Mortal Heart, by Robin LaFevers

The first two novels in Robin LaFevers's His Fair Assassin trilogy are intelligent, atmospheric, and jam-packed with historical detail, and the final installment, Mortal Heart, is no different. None of the books have been perfect, but this is still one of the most interesting and ambitious teen series to come out in years.

The trilogy is set in 15th century Brittany, which is clinging to its independence from France by the skin of its teeth. Each book has focused on a different girl raised at the convent of St. Mortain, the (fictional) Breton god of death. Mortain's followers are trained as assassins, and no one is better prepared than Annith, the convent's most gifted and dedicated novitiate. Inexplicably, however, the abbess decrees that Annith will become a seeress, a position that will isolate her behind the convent's walls forever. Annith struggles to accept the abbess's decision, but when a younger (and far less trained) girl is sent on a dangerous mission in her stead, she realizes she can no longer blindly follow the convent's orders.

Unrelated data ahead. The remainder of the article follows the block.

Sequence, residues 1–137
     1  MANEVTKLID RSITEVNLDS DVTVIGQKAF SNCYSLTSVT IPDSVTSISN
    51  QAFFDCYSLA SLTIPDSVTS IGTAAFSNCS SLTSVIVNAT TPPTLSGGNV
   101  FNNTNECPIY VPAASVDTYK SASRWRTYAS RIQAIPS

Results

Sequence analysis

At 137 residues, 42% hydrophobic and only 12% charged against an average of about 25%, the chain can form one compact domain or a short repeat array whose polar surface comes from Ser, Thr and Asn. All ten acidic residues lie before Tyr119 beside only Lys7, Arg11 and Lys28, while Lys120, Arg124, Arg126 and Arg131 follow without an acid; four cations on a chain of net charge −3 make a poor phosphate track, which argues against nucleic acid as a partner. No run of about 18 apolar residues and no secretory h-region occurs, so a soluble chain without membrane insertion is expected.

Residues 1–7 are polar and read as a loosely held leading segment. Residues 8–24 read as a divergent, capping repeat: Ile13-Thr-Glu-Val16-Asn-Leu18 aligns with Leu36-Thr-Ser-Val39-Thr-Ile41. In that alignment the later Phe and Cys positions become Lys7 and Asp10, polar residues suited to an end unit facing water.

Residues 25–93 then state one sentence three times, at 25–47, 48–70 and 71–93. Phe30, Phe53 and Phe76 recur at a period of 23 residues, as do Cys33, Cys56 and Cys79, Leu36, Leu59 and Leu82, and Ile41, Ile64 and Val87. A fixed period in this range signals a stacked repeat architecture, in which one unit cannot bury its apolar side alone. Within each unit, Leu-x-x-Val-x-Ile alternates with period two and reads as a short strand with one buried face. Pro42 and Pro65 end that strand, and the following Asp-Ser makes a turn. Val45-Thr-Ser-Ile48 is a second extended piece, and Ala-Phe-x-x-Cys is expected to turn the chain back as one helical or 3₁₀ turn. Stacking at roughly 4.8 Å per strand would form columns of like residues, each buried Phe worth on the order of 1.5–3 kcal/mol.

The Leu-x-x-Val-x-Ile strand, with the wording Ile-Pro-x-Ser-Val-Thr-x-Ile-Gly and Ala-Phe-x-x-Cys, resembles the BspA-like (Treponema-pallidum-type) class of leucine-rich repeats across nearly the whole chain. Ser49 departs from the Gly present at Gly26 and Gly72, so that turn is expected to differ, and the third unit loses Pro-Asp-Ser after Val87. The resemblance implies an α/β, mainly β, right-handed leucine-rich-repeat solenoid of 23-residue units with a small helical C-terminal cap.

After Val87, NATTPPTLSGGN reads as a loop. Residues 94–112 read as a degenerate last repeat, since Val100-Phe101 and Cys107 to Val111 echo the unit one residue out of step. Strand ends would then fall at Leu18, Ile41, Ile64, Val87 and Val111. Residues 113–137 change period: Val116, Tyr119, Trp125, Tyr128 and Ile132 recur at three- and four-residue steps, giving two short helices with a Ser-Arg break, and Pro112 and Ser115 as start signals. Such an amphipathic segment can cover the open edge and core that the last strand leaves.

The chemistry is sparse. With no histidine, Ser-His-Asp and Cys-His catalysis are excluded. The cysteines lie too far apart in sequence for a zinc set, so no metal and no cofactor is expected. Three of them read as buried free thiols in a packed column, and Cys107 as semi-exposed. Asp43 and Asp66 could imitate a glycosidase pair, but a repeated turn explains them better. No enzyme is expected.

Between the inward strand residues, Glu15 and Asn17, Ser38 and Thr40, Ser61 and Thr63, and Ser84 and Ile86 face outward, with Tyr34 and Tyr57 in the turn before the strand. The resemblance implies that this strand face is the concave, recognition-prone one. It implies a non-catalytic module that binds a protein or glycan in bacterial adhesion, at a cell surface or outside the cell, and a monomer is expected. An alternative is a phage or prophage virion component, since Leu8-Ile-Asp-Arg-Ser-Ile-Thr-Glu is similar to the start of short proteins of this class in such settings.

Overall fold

My only major criticism of Mortal Heart is the weirdness of its romantic pairing, which features way more chemistry than logic. I can't describe the protagonists' conflict without spoilers, but trust me: even at the end of the story, Annith's relationship is facing significant, um, logistical challenges. That being said, romance is only one aspect of this book, and I was easily able to overlook a little hot-but-bizarre relationship drama in favor of the novel's many other strengths: the complex historical intrigue inspired by Anne of Brittany's fight for Breton independence, the constant action, and the intense sisterly bond between LaFevers's intelligent, powerful, and sympathetic heroines.
Posted by: Julianka


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